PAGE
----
Should boys be vaccinated against HPV? This is the new hot button question after the Food and Drug Administration approved Gardasil use in men last week. The New York Times recently reported that advisory groups recommended boys between the ages of 9 and 25 soldier into doctor's offices and get injected with the costly, but effective, shot. Sex Does A Body Good
Gardasil, on the market since 2006, was previously just recommended for women as it protects against two strains of HPV that if undetected can lead to 90 percent of cervical cancer cases. While the shot prevents genital warts in guys, some health officials say the shot is unnecessary. While the warts may not have long-term consequences, some argue the STD costs about three doctor visits to cure (not to mention the cost of curing cervical cancer). So certainly a prevention shot might slash future costs. Health officials are pretty stubborn that injecting men would be wasteful, however.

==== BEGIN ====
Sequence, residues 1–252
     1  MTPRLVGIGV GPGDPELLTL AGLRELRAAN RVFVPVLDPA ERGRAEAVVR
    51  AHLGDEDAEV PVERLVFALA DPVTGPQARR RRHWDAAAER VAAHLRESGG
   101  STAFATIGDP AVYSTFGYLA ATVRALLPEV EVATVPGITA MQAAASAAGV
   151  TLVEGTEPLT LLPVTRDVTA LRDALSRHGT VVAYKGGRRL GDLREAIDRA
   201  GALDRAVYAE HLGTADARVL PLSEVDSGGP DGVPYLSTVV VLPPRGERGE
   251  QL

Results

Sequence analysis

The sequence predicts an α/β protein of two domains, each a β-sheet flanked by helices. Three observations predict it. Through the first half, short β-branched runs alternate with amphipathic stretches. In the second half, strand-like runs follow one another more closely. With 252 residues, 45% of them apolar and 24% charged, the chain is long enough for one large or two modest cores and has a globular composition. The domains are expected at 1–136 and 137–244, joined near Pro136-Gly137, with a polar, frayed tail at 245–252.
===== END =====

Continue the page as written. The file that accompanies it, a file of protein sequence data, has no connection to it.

As Times reports:
A clinical trial of about 4,000 young men, sponsored by Merck, reported that the vaccine prevented 89 percent of genital warts.
But experts at the vaccine advisory committee meeting debated whether it was appropriate and cost-effective to vaccinate boys for a problem that can be embarrassing and uncomfortable but is not life-threatening.
Harrell W. Chesson, a health economist at the disease control centers, said that to reduce HPV, it would be more cost-effective to increase vaccination among girls than among boys.
Boys don't have to get vaccinated for the same reason they don't have to wash dishes, do laundry, buy birth control, or think about other people in general: Girls will do it for them.